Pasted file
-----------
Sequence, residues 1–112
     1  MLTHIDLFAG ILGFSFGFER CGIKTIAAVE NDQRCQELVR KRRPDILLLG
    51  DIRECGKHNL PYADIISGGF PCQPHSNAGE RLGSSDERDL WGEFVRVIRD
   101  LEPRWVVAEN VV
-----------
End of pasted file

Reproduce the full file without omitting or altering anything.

Sequence, residues 1–112
     1  MLTHIDLFAG ILGFSFGFER CGIKTIAAVE NDQRCQELVR KRRPDILLLG
    51  DIRECGKHNL PYADIISGGF PCQPHSNAGE RLGSSDERDL WGEFVRVIRD
   101  LEPRWVVAEN VV